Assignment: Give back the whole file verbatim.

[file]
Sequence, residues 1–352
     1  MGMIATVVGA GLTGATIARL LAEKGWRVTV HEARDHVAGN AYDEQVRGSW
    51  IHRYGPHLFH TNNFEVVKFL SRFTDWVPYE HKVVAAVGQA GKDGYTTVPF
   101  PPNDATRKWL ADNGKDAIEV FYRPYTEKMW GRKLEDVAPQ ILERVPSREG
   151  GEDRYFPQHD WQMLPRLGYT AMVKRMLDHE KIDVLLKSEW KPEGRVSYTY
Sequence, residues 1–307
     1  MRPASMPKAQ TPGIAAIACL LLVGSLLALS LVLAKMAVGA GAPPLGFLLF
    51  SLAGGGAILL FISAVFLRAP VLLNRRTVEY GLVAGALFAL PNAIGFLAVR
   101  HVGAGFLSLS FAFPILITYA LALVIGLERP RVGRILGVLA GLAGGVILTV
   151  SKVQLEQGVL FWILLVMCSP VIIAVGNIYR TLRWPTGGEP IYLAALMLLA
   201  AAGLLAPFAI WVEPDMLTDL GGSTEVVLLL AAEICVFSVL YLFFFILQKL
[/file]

Sequence, residues 1–352
     1  MGMIATVVGA GLTGATIARL LAEKGWRVTV HEARDHVAGN AYDEQVRGSW
    51  IHRYGPHLFH TNNFEVVKFL SRFTDWVPYE HKVVAAVGQA GKDGYTTVPF
   101  PPNDATRKWL ADNGKDAIEV FYRPYTEKMW GRKLEDVAPQ ILERVPSREG
   151  GEDRYFPQHD WQMLPRLGYT AMVKRMLDHE KIDVLLKSEW KPEGRVSYTY
Sequence, residues 1–307
     1  MRPASMPKAQ TPGIAAIACL LLVGSLLALS LVLAKMAVGA GAPPLGFLLF
    51  SLAGGGAILL FISAVFLRAP VLLNRRTVEY GLVAGALFAL PNAIGFLAVR
   101  HVGAGFLSLS FAFPILITYA LALVIGLERP RVGRILGVLA GLAGGVILTV
   151  SKVQLEQGVL FWILLVMCSP VIIAVGNIYR TLRWPTGGEP IYLAALMLLA
   201  AAGLLAPFAI WVEPDMLTDL GGSTEVVLLL AAEICVFSVL YLFFFILQKL